Whereas the other people who are sometimes exhibited with—and this includes myself—who are exhibited with the Pop people—Rauschenberg, Dine, Jasper Johns, and people like this, they all are something else. They too have Pop inclinations or Pop overtones but essentially they are something else, as essentially I am a hard-edge formalist. . . . In the Washington, D.C. formalist show [Washington Gallery of Modern Art, Formalists, June 6–July 7, 1963] I fit in; I don't say I fit in perfectly, because I was one of the few painters who did use words and, for instance, there was the Beware! Danger! American Dream Number Four. I used the imagery of the danger stripes that are on the backs of trucks and on the street signs and so forth. Well, this has a Pop aspect to it, which is not just formalism, but—and I think perhaps my painting was a little, perhaps just a little out of character with that show. . .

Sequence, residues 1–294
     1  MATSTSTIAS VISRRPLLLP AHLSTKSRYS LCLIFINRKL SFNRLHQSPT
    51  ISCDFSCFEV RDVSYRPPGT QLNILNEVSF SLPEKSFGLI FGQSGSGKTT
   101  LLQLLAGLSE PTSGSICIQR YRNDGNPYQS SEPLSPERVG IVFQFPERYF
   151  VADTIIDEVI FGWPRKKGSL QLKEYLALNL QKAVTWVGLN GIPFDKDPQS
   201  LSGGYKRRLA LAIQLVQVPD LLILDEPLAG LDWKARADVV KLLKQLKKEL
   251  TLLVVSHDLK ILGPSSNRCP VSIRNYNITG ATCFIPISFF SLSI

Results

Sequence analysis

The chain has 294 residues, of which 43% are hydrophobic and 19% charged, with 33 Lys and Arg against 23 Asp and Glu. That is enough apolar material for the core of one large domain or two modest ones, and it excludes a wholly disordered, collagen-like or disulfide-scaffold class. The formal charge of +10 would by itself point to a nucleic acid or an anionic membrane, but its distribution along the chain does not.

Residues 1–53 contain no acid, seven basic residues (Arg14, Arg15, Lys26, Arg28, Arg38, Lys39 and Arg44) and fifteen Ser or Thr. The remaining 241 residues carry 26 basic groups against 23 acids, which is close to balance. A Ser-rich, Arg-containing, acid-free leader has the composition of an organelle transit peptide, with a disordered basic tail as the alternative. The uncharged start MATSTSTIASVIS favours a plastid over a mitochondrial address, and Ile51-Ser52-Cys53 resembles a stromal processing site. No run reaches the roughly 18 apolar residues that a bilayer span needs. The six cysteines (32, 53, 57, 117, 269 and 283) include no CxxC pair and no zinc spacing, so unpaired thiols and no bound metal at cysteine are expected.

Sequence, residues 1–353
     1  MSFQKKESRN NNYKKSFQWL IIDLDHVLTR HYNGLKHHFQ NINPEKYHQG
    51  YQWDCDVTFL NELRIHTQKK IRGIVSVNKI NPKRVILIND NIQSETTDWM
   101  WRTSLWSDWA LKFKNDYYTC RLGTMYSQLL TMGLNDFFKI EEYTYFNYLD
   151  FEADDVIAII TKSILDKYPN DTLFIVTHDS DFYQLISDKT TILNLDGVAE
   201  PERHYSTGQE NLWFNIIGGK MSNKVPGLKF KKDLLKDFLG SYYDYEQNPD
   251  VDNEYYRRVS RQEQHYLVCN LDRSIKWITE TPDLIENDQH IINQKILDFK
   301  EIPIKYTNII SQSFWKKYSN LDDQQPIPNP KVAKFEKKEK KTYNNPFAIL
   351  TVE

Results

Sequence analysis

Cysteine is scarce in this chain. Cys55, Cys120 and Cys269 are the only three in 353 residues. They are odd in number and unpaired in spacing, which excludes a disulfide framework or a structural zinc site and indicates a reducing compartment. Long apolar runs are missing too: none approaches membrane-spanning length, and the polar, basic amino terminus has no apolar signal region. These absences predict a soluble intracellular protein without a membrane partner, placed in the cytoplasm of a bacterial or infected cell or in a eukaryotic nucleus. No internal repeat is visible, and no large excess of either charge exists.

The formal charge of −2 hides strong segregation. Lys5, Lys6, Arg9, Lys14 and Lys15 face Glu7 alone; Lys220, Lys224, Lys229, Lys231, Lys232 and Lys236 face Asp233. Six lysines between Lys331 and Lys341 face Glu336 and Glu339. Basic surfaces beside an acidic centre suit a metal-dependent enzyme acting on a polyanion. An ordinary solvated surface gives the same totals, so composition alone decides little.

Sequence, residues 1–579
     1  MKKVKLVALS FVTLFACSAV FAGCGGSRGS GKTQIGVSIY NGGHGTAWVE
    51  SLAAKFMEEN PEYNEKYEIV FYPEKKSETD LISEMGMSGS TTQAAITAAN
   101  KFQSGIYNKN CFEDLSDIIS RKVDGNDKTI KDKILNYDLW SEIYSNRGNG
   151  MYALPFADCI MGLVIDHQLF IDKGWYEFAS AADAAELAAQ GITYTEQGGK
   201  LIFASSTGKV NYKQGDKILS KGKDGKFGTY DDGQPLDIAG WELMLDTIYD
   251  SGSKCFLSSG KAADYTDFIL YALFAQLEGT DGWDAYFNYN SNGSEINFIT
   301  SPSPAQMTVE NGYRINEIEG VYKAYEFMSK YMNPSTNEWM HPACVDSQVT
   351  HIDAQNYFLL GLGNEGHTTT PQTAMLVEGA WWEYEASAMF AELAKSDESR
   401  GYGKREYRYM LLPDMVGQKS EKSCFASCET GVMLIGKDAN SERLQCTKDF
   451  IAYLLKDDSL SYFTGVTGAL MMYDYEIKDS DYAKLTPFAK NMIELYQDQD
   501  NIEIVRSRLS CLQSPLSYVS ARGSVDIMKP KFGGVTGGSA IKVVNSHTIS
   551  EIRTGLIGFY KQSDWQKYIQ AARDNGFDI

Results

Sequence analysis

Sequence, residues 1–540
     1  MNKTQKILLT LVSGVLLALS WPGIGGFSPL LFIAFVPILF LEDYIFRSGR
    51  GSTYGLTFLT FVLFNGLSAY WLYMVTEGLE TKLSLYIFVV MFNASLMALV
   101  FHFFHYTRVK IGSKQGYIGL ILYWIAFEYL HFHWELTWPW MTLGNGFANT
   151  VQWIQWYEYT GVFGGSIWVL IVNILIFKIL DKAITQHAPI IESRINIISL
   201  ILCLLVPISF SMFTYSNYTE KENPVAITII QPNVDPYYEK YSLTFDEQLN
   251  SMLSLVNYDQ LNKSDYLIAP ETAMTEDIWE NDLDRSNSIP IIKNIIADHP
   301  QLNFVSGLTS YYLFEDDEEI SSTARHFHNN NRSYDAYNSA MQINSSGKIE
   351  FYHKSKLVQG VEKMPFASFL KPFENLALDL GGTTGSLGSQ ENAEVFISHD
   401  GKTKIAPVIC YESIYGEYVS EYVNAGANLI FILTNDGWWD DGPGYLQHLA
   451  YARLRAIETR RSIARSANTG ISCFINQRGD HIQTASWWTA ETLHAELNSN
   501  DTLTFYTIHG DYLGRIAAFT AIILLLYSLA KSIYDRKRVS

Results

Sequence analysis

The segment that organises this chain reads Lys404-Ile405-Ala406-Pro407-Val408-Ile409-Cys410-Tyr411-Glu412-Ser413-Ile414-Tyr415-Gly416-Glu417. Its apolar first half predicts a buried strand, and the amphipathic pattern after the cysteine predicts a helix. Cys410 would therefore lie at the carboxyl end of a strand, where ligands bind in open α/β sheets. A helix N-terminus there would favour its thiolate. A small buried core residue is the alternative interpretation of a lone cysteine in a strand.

— Robert Indiana
Richard Brown Baker, Oral history interview with Robert Indiana, 1963 Sept. 12–Nov. 7, Archives of American Art, Smithsonian Institution, p. 151.